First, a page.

I should’ve known that there are two things that JT is very good at. Racing in Germany and racing the Montreal SX.
And we were in Montreal.
So when he rounded the first turn in first, it all came crashing back to me. Of course I should’ve called him for the win. He’s won twice! Of course I should’ve known his practice times didn’t mean anything. His practice times always suck! He’s a racer first and foremost and once again, I proved that I’m an idiot.
Wey and Thomas went at it and in the corner before the trailer jump (two flatbed trailers put together side by side and covered in dirt. Then a single is added before it) JT would swing wide to clear it and Wey would come in on the inside. If they weren’t buddies, if this was later in the race, Wey could’ve parked the diminutive one but he couldn’t quite close the deal and Thomas would go on to lead four laps of the main before suffering from side cramps and dropping back. Eventually Thomas crossed the line in fourth and wasn’t happy with himself at all. Later on, when I told Tim Ferry that he got side cramps, Ferry remarked that his five-year old kid got side cramps from running around playing soccer. What are friends for right?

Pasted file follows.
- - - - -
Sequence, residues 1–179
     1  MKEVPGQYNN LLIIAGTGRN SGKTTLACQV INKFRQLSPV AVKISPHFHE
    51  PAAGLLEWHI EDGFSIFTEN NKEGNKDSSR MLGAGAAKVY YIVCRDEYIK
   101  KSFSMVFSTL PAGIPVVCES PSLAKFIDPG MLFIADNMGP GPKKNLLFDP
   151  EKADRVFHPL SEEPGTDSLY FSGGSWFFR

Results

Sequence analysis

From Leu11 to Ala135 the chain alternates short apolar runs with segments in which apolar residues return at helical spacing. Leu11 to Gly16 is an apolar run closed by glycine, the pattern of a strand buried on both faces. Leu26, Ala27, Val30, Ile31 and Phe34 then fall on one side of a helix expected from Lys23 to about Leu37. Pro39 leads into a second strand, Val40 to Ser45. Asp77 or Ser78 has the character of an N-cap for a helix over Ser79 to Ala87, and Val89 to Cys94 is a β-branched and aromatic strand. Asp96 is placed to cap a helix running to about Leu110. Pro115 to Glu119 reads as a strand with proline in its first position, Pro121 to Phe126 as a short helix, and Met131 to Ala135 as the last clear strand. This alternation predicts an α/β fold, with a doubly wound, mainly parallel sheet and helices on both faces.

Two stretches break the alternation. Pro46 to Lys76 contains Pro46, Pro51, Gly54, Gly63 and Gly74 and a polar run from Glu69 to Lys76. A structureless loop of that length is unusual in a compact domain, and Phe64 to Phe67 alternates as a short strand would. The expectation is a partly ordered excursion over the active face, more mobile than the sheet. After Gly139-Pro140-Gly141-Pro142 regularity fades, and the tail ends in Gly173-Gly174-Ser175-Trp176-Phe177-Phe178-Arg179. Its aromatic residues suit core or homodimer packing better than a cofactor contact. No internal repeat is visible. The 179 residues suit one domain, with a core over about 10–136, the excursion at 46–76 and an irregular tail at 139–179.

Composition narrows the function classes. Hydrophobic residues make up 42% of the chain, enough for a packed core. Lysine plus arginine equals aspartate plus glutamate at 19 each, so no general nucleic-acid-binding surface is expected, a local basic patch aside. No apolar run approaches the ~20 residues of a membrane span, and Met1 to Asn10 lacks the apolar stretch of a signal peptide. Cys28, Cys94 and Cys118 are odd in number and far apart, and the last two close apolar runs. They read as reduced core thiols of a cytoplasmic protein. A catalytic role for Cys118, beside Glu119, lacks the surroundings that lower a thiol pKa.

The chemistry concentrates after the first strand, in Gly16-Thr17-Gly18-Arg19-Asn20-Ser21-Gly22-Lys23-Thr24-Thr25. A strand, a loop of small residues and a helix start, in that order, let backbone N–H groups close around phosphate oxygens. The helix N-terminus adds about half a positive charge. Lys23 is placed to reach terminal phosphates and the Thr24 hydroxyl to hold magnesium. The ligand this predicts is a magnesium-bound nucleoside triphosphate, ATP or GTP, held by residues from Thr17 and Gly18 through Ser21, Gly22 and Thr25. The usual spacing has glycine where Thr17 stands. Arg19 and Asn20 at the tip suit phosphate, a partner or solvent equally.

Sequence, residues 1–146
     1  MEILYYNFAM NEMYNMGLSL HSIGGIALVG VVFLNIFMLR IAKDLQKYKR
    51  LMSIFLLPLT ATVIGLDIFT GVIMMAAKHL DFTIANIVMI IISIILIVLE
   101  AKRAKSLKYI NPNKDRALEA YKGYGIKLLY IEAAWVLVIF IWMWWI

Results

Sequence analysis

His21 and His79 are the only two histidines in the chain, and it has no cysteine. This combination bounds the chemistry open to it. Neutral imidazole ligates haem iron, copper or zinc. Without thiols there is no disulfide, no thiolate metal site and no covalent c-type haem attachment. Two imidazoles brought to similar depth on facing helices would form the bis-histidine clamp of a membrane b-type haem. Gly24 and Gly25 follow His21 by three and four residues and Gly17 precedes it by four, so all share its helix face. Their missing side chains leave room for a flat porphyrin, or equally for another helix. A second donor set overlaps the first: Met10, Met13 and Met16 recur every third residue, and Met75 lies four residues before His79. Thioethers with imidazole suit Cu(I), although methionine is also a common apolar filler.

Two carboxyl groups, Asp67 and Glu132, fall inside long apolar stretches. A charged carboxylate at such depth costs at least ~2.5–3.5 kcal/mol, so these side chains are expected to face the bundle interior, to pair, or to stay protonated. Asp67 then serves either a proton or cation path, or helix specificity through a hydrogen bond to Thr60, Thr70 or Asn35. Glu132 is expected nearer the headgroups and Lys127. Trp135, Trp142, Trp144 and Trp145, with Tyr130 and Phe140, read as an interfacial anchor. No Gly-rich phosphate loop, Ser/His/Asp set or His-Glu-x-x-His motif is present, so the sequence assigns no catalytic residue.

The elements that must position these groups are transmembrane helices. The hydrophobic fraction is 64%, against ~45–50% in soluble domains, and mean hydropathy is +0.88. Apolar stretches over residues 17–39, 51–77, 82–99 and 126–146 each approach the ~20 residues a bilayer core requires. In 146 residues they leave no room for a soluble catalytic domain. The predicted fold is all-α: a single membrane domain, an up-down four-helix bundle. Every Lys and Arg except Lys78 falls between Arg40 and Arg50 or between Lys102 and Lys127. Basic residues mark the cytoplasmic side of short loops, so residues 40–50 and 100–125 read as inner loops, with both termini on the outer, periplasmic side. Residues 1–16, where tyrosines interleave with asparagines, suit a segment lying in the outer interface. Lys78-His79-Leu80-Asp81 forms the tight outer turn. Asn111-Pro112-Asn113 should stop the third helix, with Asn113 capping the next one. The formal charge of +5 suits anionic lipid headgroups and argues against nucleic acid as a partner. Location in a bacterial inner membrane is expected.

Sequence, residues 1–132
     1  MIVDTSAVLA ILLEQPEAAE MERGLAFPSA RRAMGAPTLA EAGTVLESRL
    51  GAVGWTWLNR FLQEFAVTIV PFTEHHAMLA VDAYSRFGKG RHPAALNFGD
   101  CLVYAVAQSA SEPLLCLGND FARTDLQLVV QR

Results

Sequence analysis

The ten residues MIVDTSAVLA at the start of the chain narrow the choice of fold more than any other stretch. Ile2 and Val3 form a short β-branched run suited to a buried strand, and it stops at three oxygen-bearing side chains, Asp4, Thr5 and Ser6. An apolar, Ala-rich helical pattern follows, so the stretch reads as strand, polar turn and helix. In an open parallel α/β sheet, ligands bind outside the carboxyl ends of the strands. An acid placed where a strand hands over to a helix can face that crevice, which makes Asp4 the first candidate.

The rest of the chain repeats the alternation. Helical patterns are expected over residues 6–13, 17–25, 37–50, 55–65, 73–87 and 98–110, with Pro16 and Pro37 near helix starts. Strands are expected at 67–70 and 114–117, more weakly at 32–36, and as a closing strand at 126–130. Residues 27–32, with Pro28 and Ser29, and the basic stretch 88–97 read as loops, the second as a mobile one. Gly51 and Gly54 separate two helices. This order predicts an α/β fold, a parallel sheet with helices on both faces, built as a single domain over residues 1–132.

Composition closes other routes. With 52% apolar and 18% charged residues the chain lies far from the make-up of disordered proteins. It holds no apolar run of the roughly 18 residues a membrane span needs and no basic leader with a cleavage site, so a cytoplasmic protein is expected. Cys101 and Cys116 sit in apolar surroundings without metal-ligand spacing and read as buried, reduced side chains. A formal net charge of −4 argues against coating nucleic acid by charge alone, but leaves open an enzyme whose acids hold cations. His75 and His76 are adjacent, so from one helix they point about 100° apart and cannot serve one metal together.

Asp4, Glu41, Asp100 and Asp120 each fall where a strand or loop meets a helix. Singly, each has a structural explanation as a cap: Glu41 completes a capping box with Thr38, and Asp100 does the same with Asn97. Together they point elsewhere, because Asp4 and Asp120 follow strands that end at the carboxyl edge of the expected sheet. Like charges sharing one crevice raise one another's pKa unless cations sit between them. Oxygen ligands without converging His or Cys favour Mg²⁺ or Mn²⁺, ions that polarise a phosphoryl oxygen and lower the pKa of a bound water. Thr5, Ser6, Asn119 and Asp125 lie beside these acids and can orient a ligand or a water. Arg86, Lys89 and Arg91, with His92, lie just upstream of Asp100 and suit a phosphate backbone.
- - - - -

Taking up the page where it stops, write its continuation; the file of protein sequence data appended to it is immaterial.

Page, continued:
Josh Demuth raced in Canada all season for the Billy Whitley-owned Monster Energy Kawasaki team and had a surprising season. Not picked to do much, The Sheriff was really fast and without some crashes and bad luck, would’ve ended the season third in points. As it was, Demuth was fifth on the year and coming in Montreal, not much was known about how much he’d been riding. Well, despite a very late night on Friday, Demuth showed his natural talent on the bike as he blitzed through the pack, passing all the way from fifth to first and looking like he was going to win the whole shooting match. Like I said before, the dream died when he washed his front end out with three laps left while leading. Getting up but still safely in a podium spot, Demuth charged back up to second place Teddy Maier, passed him in the sand section and then promptly went down again. This was the coup de gras for Demuth and he ended up fifth on the night but oh what could have been.
What a couple of weeks for KTM’s Kaven Benoit. The kid from Quebec came out of nowhere this year to win a MX2 national, got picked for Team Canada’s MXDN effort and then showed up at Montreal in an underdog role. All day long Blackfoot Yamaha’s Tyler Medaglia was the fastest guy by far in the all-Canadian 250F class (we have this thing in Canada called Can-con where a certain % of Canadian actors/musicians/shows, etc, etc have to be seen or heard during an hour of radio or TV so just think of this rule as the Can-con of mx) but in the main event, Tyler made a few mistakes that allowed Kaven to lead the whole way in taking the win.
It was cool (well not so cool if you’re Tyler) because the French need a mx hero (cue Tina Turner in a Thunderdome singing “We need another hero..”) and they blew the room off the dome when he crossed the line. That was pretty cool I must say.